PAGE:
Cerebral achromatopsia and cerebral akinetopsia indicate that color and motion are to some extent processed separately within the visual system. Further evidence for their separate processing comes from neuroanatomical and neurophysiological studies revealing that the visual system has a parvocellular pathway that processes color and detailed form information and a magnocellular pathway that processes motion, depth, and coarse form information [5]. These pathways are clearly segregated in the lateral geniculate nucleus of the thalamus, a relay station for visual information traveling from the eyes to visual cortex. One psychophysical correlate of this separate processing is the observation that perceived motion in color displays is greatly reduced when the displays are made isoluminant, an effect first discovered in 1911 by Pleikart Stumpf [6].

Evidence for Interactions in the Processing of Color and Motion

However, despite the anatomical, neuropsychological, and psychophysical evidence for the separate processing of motion and color, there are several intriguing visual phenomena which clearly demonstrate that the perception of motion and color can interact. An early example was discovered by the French monk Benedict Prevost in 1826, when he noticed that if he waved his hands in the dim light of the cloisters, then colors appeared near his moving fingers [7].

Charles Benham marketed a top in 1895 with a pattern similar to that shown in Fig. 1 [8]. Spinning the top leads to the perception of the colors of an artificial spectrum, again demonstrating an interaction between color and motion. (See also the Encyclopedia of Color Science and Technology entry on illusory colors.)
Motion and Color Cognition, Fig. 1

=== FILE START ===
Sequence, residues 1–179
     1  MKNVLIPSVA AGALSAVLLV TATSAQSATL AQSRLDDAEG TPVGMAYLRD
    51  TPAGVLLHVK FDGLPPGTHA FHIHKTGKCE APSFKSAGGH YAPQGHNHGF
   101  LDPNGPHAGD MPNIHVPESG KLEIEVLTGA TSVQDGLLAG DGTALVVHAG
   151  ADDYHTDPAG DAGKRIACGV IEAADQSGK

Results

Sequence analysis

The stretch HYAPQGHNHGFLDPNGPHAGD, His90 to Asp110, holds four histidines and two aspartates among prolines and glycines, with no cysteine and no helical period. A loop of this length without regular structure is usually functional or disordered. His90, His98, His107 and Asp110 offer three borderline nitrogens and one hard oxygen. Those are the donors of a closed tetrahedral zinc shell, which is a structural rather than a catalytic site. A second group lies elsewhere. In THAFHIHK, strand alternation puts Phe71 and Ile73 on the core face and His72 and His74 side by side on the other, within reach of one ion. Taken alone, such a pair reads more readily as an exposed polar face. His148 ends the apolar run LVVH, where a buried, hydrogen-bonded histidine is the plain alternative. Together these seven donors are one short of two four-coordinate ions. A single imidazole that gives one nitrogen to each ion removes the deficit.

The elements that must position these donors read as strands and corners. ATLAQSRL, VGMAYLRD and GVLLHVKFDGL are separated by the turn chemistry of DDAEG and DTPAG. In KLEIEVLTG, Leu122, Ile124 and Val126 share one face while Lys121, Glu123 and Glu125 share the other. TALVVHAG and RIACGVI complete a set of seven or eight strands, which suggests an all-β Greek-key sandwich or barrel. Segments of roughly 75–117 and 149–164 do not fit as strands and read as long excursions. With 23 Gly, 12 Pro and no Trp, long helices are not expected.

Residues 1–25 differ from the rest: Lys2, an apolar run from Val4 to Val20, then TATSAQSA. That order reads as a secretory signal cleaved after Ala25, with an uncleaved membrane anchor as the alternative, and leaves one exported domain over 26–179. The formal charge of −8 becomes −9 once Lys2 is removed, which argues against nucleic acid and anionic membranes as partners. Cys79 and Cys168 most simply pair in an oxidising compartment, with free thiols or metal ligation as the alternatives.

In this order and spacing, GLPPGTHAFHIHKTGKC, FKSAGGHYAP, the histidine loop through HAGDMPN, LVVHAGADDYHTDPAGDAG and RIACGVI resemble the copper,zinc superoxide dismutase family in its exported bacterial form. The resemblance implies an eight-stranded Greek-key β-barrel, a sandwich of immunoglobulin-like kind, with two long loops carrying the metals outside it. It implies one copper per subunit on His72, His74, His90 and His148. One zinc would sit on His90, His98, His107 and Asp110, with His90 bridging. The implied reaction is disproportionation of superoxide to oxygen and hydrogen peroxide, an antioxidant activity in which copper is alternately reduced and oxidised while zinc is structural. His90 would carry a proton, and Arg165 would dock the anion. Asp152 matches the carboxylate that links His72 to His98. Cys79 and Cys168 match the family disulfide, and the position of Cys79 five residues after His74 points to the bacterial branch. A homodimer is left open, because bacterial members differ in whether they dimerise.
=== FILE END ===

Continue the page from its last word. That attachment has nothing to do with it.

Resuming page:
Benham’s top. Spinning this achromatic pattern leads to perceived colors

Karen Dobkins and Tom Albright discovered in 1993 that color can influence the perceived direction of motion [2]. They showed subjects a movie in which a row of red and green blocks appeared to move horizontally. Four frames from such a movie are shown schematically in Fig. 2. From one frame to the next, the blocks moved exactly one half of a block width, so that the movie is compatible, in principle, with being seen as blocks moving to the left or to the right. However, if the brightness of the green blocks differs from that of the red blocks, then the visual system sees a direction of motion consistent with this, i.e., such that the brightness of each block does not appear to change as it moves. However, if all the blocks are equal in perceived brightness, the visual system sees a direction of motion consistent with the colors, i.e., such that the color of each block does not appear to change as it moves. Thus, color information by itself, apart from luminance information, can influence the perceived direction of motion. Similar evidence for the interaction of color and motion comes from experiments showing that color can affect the perceived direction of discrete apparent motion stimuli [9] and of sine-wave gratings [10, 11].
Motion and Color Cognition, Fig. 2

Color and motion correspondence. This figure depicts four frames of a movie in which the colored blocks could, in principle, be perceived either as moving to the left or as moving to the right. Color information, even at isoluminance, biases us to see movement to the right

Conversely, V.S. Ramachandran discovered in 1987 that motion can “capture” color borders. If an illusory contour or a group of random dots are moved in the vicinity of a color border, then that border appears to move in the same direction as the illusory contour or random dots [12].